The Australian economy grew at a fairly strong 0.9% in the June 2007 quarter, exceeding market expectations and adding further fuel to predictions of a possible interest rates rise by the end of the year.
The close-to-1% GDP result almost doubled market predictions of a 0.5% to 0.7% rise.
Andrew Hanlan, a senior Westpac economist, says the figure is official confirmation that the Australian economy is running too fast.
“With growth exceeding potential and evidence of rising inflation pressures, the Reserve Bank will – pending stabilisation in global financial markets and any flow-through of higher market rates to borrowers – need to lift interest rates further,” Hanlan says.
An increase of 0.7% in private business investment and 0.6% increase in household spending were the main contributors to the GDP rise, while the property and business services sector made the single largest contribution to economic growth, with a 0.3% lift.
The Reserve Bank is meeting today to discuss whether to raise interest rates. It is widely expected to leave rates unchanged.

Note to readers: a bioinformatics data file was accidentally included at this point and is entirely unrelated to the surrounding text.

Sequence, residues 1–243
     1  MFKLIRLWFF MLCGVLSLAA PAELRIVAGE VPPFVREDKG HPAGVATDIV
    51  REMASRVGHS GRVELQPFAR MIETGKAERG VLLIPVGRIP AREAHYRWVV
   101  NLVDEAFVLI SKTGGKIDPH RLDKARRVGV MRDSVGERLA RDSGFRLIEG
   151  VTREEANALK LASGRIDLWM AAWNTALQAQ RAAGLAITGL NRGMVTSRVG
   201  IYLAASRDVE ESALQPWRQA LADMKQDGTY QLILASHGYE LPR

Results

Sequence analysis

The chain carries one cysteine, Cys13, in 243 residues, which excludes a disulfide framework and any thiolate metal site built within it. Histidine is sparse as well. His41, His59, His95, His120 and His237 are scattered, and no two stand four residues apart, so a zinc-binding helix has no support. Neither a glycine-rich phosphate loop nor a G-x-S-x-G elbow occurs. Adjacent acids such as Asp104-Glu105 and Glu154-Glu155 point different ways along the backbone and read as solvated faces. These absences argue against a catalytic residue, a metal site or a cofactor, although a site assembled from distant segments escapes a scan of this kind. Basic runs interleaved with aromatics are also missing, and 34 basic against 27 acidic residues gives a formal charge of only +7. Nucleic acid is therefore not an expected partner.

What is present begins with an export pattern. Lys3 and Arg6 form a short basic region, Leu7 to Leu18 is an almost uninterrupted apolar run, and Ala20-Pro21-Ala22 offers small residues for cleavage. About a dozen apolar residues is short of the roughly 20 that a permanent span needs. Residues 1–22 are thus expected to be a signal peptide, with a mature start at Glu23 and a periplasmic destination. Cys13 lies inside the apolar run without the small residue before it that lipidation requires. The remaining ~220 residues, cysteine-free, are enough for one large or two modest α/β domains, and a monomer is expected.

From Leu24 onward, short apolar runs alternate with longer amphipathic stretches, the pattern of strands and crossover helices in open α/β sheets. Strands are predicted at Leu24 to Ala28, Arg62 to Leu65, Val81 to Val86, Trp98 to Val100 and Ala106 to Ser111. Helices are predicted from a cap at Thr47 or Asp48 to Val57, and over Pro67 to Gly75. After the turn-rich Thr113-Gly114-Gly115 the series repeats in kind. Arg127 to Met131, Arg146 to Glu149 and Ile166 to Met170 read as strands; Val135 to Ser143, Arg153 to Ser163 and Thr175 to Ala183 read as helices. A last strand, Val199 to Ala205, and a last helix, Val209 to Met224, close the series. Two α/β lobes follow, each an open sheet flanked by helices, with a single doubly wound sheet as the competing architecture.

Despite today’s surprising GDP figure, recent comments by RBA governor Glenn Stevens – not to mention common sense – suggests the bank will wait to see what impact, if any, the US sub-prime mortgage woes have on the global economy.
The number of defaults by US homeowners with privately insured mortgages increased by 28% in July, while the number of mortgages more than 60 days late on payments jumped 8.2%, according to Mortgage Insurance Companies of America data, reported by the Australian Financial Review.
So while there is good news for the Australian economy today, there may still be some large economic icebergs to be navigated in the months ahead.